I recently came across a riveting blog post on LinkedIn by Derek Spanfelner, Head of the Learnivore Arts Community, that stuck a chord in me. In his post, he described a feeling I’ve had in the pit of my stomach for years, but never quite knew how to describe.
Spanfelner discussed how the importance of having a sense of community, rather than competition, is key to success in the workforce and our overall well-being. As a writer who has been looking for a job I feel good about (and I’m sure you’re all pretty tired of hearing about it) I never feel a sense of community or comfort when reading job descriptions, or even applying for a job for that matter. In fact, every time I send in my resume, I feel…dirty. Like I’m settling. Unwelcome. Everything feels so competitive and if you don’t meet certain requirements, you’re excluded from the thriving population with careers. Having a college degree, though some may argue may be useless nowadays, seems to make recruiters and over-privileged potential employees seem to think that they deserve happiness over everyone else. What about the hard workers without degrees who would kill to get their foot in the door?
Spanfelner opened with the one thought that always takes a firm grip on my heart whenever I log in to LinkedIn, stating, “Linkedin is a shark-infested ocean of competitiveness. If you can’t sell yourself with appropriately detailed buzzwords, a calculatedly inviting head shot, praise of your upward mobility from colleagues of status, and job titles that can belong nowhere else but stamped on the door of a corner office, then you’re nothing but fresh meat flailing in too-deep water.” I really couldn’t have worded that better myself. I’ve tried so hard (maybe too hard) to make myself stand out that it started to eat away at my confidence. With a constant urge to compete with others, it takes on a whole other life I’m not comfortable living. It’s unhealthy and doesn’t serve me or anyone else any good.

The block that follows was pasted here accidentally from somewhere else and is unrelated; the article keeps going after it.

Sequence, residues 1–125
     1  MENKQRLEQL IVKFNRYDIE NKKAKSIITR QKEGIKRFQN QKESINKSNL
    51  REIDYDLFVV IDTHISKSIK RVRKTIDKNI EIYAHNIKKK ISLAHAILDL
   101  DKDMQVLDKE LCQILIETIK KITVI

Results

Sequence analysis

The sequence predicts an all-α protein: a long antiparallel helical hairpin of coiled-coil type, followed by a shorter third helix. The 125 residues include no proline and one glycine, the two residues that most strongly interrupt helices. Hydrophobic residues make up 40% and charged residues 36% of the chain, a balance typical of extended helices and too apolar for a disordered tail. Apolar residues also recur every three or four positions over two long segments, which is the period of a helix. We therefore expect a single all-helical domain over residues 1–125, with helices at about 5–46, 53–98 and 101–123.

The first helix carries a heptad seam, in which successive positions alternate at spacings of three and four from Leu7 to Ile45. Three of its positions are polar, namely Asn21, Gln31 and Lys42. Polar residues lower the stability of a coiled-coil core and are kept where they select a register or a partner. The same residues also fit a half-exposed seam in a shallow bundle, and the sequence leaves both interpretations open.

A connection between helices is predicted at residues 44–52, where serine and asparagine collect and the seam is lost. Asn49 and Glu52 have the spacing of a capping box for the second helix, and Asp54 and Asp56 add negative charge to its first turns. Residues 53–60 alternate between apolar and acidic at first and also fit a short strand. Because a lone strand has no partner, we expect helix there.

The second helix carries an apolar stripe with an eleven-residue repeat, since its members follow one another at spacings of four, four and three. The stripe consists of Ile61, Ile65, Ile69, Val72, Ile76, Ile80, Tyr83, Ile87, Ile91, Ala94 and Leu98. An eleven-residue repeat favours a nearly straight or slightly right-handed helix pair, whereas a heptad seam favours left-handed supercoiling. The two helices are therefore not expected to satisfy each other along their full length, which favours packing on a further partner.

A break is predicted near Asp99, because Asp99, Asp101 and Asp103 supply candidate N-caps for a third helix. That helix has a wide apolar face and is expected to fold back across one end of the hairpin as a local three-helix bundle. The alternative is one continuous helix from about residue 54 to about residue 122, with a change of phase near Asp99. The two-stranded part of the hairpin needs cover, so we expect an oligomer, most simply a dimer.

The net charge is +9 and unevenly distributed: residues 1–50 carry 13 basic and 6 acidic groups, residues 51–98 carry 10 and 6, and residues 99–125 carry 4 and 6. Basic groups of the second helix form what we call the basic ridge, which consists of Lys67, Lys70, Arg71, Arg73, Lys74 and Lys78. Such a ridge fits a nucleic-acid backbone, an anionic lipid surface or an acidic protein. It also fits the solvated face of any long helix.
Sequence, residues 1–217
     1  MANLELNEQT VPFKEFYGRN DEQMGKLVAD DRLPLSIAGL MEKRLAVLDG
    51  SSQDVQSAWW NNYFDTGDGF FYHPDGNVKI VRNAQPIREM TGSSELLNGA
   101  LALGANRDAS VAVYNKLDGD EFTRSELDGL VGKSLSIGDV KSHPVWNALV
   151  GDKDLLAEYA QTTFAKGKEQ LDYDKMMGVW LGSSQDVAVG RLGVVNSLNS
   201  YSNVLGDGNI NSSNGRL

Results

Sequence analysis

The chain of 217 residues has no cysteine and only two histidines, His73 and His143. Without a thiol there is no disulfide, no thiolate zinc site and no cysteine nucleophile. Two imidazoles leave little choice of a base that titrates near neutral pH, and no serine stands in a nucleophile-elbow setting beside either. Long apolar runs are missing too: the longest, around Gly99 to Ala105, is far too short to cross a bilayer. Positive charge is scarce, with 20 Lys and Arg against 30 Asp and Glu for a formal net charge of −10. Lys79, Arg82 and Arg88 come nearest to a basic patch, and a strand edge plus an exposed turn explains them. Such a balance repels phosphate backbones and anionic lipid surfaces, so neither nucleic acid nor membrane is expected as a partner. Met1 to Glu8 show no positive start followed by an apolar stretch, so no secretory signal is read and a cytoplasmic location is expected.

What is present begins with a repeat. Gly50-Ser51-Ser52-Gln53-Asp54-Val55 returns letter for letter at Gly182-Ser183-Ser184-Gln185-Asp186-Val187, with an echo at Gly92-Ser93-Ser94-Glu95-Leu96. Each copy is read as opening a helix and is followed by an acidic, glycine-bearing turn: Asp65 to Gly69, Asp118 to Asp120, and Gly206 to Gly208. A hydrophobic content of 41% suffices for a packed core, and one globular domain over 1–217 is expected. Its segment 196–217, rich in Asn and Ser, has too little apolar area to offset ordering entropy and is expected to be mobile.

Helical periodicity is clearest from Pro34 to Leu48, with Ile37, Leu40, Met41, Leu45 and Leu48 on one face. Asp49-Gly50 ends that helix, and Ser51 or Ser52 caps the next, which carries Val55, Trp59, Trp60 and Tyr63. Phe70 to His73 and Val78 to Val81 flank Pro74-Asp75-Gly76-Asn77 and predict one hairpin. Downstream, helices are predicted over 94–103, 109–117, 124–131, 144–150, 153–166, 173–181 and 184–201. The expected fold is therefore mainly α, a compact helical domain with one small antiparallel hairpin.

I may not be swimming in cash (or my parents’ cash, as most twenty-somethings seem to have it these days) or have a fancy piece of paper that says I’ve mastered college through my teeth, but I do have a beating, hungry heart dying to be a part of a community that nurtures creativity in others. If there’s one thing I learned throughout this entire journey of job searching so far, it’s that recruiters don’t care about me. They care about what you can do for them while stifling anything substantial that you may be able to contribute. As Spanfelner stated, “It’s in our human nature to come together for a greater purpose.” Why are we wasting so much time and energy competing when we could be combining our strengths for the greater good?
I’ve always wanted to start my own magazine that helps new and struggling writers get on their feet. I want to be able to nurture their talents and help them find their confidence, rather than drowning it by pointing out their lack of measly accolades and titles that mean nothing but snoot. By excluding others, we are showing a lack of empathy and class. I want to be able to give everyone a fair shot, especially if they’re down in the dumps because of competitive job markets.
By coming together and enforcing a sense of belonging, it becomes an integral part of life, which in turn, makes this world, and the job market, a much more welcoming place. For me, this isn’t a race – this is a sense of belonging in a world I never felt comfortable in.
To read Derek Spanfelner’s post, “Why Community, Not Competition, Is The Key to Success,” click HERE.
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